At all stages of the addiction cycle, there are sex differences in alcohol and drug use. Some of these differences are quantitative, some are qualitative, and some are population differences. The same trends are observed in rodent research. Thus, rodents are a good model for studying substance misuse in humans and for studying sex differences in addiction.
Dr. Becker described some of the experiments conducted in her laboratory to investigate such sex differences. In one study, researchers offered rats a choice between tasty banana-flavored pellets or cocaine that the rats obtained via nose pokes. At the beginning, when given a choice, the rats preferred the pellets. Seven weeks later, some rats chose cocaine over pellets. About 50 percent of the females chose cocaine and they chose it more rapidly than the males did, although some males (about 20 percent) also chose cocaine. An examination of the rats’ brains during the choice for cocaine revealed that the cocaine-preferring animals had a decrease in dopamine release in the NAc while the animals who chose pellets had the same amount of dopamine release throughout their drug taking. No sex difference was observed so this appeared to be a population difference: more females chose cocaine but the neural systems that were mediating it, at least in terms of dopamine release, appeared to be the same for males and females.
In another experiment using conditioned place preference, the researchers examined the NAc and the ventral tegmental area (VTA) of the rats’ brains to investigate how the receptors for estradiol present in these areas were affecting the rats’ preference for cocaine. They included males in this study, but were really expecting the effect to be in females. The investigators gave an antagonist (ICI 182, 780) to ER-alpha and ER-beta. The rats were then placed for 30 minutes in one compartment paired with cocaine and in another compartment paired with saline.The researchers observed where the rats preferred to spend the most time following multiple exposures. Surprisingly, there was no effect whatsoever in females. In the dorsal lateral striatum, ICI blocked conditioned place preference in the males. That was curious since the researchers had never seen an effect of estradiol on behavioral response to cocaine or amphetamine in the males. Finally, the research team realized that ICI is also an agonist to a new receptor, GPER-1. Next, they gave an agonist to GPER-1 to males and females. It had no effect in females but it blocked preference for cocaine in males. Thus, GPER-1 activation inhibits cocaine-preference in males; GPER-1 inhibition enhances preference for cocaine in males only.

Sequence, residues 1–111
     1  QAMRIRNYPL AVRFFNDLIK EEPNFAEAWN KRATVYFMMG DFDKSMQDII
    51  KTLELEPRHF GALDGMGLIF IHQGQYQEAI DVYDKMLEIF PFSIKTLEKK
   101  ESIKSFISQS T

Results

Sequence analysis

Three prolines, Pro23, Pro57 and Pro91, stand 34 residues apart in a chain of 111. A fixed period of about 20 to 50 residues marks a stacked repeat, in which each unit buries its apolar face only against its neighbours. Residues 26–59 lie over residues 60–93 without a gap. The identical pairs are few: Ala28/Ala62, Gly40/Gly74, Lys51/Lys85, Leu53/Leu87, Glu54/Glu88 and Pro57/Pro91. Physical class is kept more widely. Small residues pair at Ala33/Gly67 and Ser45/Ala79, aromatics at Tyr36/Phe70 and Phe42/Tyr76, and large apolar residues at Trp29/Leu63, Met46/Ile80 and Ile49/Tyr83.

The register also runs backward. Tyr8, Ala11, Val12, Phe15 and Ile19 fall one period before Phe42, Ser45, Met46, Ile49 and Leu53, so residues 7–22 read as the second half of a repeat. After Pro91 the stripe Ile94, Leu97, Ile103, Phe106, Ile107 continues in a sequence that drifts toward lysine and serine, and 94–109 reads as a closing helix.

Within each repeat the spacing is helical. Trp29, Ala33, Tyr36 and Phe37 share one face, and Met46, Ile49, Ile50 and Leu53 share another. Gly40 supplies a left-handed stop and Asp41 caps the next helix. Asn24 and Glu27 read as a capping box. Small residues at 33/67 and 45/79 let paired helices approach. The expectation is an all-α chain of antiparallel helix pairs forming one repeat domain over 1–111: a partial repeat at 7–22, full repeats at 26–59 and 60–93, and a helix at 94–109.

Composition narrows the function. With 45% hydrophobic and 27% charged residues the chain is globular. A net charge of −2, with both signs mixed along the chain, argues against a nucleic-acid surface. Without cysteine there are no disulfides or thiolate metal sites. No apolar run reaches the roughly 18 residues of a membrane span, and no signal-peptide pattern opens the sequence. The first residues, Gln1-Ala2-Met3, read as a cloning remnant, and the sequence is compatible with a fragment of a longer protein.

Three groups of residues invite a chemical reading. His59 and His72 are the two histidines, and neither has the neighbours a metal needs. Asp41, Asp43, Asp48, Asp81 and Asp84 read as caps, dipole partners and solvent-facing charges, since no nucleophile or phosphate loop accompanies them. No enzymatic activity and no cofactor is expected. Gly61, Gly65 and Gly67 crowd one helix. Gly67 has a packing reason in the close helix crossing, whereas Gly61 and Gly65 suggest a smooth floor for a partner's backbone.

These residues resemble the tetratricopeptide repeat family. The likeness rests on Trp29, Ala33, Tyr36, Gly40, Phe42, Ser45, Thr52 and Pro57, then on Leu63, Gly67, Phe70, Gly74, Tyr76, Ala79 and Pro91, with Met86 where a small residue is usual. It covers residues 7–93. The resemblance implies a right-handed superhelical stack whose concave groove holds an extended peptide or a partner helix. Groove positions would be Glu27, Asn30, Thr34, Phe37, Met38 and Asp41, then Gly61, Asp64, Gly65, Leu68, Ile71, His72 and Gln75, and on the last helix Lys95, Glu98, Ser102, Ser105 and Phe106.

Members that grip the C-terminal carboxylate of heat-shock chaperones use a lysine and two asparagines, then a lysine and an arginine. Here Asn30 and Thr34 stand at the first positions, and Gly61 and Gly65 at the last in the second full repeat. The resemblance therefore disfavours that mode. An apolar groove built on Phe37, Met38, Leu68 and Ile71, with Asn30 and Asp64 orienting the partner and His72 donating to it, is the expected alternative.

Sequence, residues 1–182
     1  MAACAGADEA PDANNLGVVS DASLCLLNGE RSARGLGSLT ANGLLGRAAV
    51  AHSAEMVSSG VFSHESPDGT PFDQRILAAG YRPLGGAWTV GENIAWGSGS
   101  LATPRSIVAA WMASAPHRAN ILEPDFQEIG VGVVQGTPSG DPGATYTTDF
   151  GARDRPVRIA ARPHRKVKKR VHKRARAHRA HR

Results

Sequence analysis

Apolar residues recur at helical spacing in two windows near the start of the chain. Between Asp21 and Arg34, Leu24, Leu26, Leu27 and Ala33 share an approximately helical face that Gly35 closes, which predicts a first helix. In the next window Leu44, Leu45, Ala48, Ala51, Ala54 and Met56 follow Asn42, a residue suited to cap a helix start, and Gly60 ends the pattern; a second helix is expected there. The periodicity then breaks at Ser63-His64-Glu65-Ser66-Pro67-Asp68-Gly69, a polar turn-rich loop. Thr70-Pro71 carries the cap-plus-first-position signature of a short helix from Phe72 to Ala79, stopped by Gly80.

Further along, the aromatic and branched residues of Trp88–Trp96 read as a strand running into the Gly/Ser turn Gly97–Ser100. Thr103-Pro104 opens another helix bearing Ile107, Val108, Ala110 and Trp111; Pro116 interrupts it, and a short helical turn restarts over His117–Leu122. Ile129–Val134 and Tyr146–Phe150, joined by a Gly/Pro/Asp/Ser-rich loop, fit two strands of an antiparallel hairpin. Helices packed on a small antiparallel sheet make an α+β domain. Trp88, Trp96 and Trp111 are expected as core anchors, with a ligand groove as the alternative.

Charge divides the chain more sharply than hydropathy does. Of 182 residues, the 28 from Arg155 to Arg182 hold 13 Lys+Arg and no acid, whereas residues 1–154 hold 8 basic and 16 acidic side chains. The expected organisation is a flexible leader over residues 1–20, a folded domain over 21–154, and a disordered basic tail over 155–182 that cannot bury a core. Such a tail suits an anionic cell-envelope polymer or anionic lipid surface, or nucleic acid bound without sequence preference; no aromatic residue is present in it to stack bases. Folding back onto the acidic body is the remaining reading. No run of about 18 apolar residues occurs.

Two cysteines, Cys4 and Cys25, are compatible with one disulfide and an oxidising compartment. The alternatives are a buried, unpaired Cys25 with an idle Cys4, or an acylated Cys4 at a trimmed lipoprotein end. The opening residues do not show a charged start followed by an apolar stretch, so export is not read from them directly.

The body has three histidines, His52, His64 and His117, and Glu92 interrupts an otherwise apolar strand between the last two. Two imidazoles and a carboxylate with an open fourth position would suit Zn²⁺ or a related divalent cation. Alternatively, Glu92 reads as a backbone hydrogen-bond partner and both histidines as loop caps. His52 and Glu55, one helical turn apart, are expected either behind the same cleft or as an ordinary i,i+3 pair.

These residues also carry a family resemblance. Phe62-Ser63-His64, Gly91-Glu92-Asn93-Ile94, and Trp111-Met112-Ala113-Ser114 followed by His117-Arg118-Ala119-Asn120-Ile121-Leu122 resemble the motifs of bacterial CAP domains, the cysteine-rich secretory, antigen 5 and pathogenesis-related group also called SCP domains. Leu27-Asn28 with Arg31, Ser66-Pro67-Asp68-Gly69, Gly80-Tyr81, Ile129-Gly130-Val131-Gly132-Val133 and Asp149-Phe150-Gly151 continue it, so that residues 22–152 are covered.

Stress, Social Support, and Sex Differences: Dr. Becker’s lab has also been looking at the effects of social support and the role of oxytocin. In humans, oxytocin is considered a potential treatment for alcohol abuse in severely alcoholic individuals. In one study with female rats only, the researchers measured how much the rats liked methamphetamine by how willing they were to continue increasing thenumber of nose pokes required to obtain it. The rat reached a breaking point when she was no longer willing to work  to obtain the drug. The researchers observed that If the rats were individually housed, they worked harder than if they had a friend in their home cage. Next, the researchers observed the behavior of the same animals after they received oxytocin peripherally or via vehicle. Those given the vehicle, whether socially housed or individually housed, continued to work harder than the other animals. Thus, over a period of two weeks, there was a decrease in drug-seeking after treatment with oxytocin. Looking at individual variability in the animals and their response to oxytocin, the researchers observed that social housing increased the proportion of animals who had very low motivation for methamphetamine, making social housing a good treatment upfront. After seven weeks, the animals who were responding to the oxytocin were those with the greatest motivation for methamphetamine, suggesting an interaction between the ability of oxytocin to decrease motivation and its effectiveness.